When Did Loud Become Equivalent To Fun?

Do you think the world is getting louder? I sure do. Movies, sporting events, restaurants, even walking down the street — all louder than it used to be. I guess I am getting older, so that could be part of it, but I also think that culturally, loud has become the norm. If things aren’t loud, they are somehow deemed old-fashioned, or boring, or dull. It’s almost as if loud has become equivalent to fun! That is a problem given the misunderstood risks of hearing loss from exposure to loud sounds. Hearing loss is permanent — there is currently no cure — and the associated tinnitus (ringing in the ears) can almost be worse.

The anecdotal evidence is everywhere. A friend of mine was at the movies last week with her children to see Cinderella and couldn’t believe how loud the previews were, let alone the movie. And it was a children’s movie! She eventually asked the theater to turn down the volume, but I’m not sure she had much luck.

I have had the same experience at a Broadway show. I took my children to see Wicked (a fabulous show by the way!) but it was incredibly loud! Much louder than I remember Broadway being. Even my 9-year old son, was holding his ears at certain parts until I found the earplugs I always keep stashed in my purse.

Studies have shown that when loud music is played at restaurants and bars, patrons eat and drink faster, and therefore purchase more drinks, the highest margin part of the meal. I can understand wanting to drive revenue, but putting your patrons and staff in harm’s way is not a good option. Shouldn’t there be rules and guidelines advising restaurants and other public venues on safe levels of sound?

There have even been loudness contests at sporting venues. I think the current record is held by the Kansas City Chiefs at 142 decibels. This is equivalent to the sound of a jet taking off and can damage hearing in less than 1 minute of exposure. The irony is that most stadiums don’t allow smoking any longer due to strict second-hand smoking laws. What about second-hand hearing loss?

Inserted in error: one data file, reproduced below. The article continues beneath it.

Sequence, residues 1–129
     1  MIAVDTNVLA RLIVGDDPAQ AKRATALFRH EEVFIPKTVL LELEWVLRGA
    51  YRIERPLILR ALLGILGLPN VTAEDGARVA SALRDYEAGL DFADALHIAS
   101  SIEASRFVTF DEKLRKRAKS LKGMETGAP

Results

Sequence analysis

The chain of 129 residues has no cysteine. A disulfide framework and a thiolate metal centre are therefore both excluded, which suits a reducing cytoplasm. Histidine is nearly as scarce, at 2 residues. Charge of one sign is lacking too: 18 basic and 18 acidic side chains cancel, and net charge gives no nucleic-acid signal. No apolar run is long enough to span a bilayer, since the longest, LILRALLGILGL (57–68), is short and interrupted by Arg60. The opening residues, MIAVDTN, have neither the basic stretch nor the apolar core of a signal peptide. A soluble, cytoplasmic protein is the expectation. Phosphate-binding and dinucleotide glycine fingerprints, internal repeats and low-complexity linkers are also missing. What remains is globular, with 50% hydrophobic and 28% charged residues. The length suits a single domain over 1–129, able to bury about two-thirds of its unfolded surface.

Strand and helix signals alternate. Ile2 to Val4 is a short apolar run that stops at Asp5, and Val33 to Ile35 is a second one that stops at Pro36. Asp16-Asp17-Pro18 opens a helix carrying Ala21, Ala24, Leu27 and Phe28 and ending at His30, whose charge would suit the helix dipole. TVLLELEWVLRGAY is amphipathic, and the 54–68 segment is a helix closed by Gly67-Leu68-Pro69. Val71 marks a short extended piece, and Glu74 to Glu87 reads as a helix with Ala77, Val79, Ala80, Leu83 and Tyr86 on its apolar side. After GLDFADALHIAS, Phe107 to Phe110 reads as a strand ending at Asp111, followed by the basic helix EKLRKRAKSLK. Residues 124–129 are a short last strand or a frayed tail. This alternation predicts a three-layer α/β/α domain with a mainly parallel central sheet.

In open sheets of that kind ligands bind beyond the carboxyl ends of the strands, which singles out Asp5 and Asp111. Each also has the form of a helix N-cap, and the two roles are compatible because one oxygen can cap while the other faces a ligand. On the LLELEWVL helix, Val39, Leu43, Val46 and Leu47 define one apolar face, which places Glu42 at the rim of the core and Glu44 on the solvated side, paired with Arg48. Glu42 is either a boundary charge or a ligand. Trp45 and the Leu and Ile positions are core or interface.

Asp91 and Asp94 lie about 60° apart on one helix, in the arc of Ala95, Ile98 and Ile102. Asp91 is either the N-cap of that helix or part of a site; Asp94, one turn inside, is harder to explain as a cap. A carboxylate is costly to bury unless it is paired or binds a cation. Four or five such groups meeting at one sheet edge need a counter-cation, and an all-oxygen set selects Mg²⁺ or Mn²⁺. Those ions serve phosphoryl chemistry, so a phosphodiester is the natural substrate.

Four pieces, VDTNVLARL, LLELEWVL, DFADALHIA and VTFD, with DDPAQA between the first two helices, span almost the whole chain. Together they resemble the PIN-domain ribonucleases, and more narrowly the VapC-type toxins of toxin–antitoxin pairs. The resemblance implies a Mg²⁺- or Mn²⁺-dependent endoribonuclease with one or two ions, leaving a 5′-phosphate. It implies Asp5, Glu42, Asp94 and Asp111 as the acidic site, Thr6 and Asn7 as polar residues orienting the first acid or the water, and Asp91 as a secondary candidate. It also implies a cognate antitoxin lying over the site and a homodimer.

All this loudness is very frustrating for someone with hearing loss. Not only does it make it incredibly unpleasant to be out and about, but it makes it unsafe for others, oftentimes without their knowledge. We need to continue to educate employers, government officials, schools and our friends and families about the risks of hearing damage. And especially our children.

Readers, how can we help change the view that things need to be loud in order to be fun?

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4 thoughts on “When Did Loud Become Equivalent To Fun?

  1. I have had no hearing in my right ear since I was sixteen (40 years ago!), but have near-perfect hearing in my left ear. I used to joke about being “half deaf,” and dismiss it as a nuisance rather than a true handicap. That has changed over the past several years.
    Last February, I realized over the course of a single weekend that loud environments were not only irritating, but suddenly intensely painful. Restaurants and movie theaters are the worst. I do understand the need for increased revenue, and that unlike providing wheelchair ramps, reducing the volume of the music or veering towards more sound-absorbing architecture affects everyone in their restaurant and thereby their bottom line. Those of us who are sensitive to noise are too few and too unlikely to advocate for ourselves to represent a significant loss of business.
    But it is intensely frustrating to find myself unable to find a restaurant where I can easily follow the conversation, even if only with a single individual, much less get through a meal without wincing or covering my ears at sudden bombardments of loud sounds. It can reduce me to tears. I have learned to be assertive in requesting the quietest table available, but there is no guarantee that a noisy group will promptly sit down next to me. There are restaurants that I would like to patronize but simply cannot.
    I found it very interesting this Spring when my daughter and I spent a month in Germany. Over the course of the entire month I cannot remember (and we were paying attention!) a single incident when I felt overwhelmed by noise in a German restaurant. The ceilings were lower, the furniture upholstered, and for the most part the conversations were quiet. It was heavenly, and the return to normality when we arrived back in Denver and stopped for dinner at Red Robin was a (not unexpected) shock.
    Why is American culture so loud? And how do we earn young – and not-so-young – people of the harm we are doing to ourselves?

    1. Shari Eberts – NYC – Shari Eberts is a passionate hearing health advocate and internationally recognized author and speaker on hearing loss issues. She is the founder of Living with Hearing Loss, a popular blog and online community for people with hearing loss, and an executive producer of "We Hear You," an award-winning documentary about the hearing loss experience. Her book, "Hear & Beyond: Live Skillfully with Hearing Loss," (co-authored with Gael Hannan) is the ultimate survival guide to living well with hearing loss. Shari has an adult-onset genetic hearing loss and hopes that by sharing her story, she will help others to live more peacefully with their own hearing issues.
      Living With Hearing Loss says:

      Thanks for sharing your experiences. I completely agree and have had the same experience overseas. I hope if we all continue to speak out on this issue things will eventually change here in the US.

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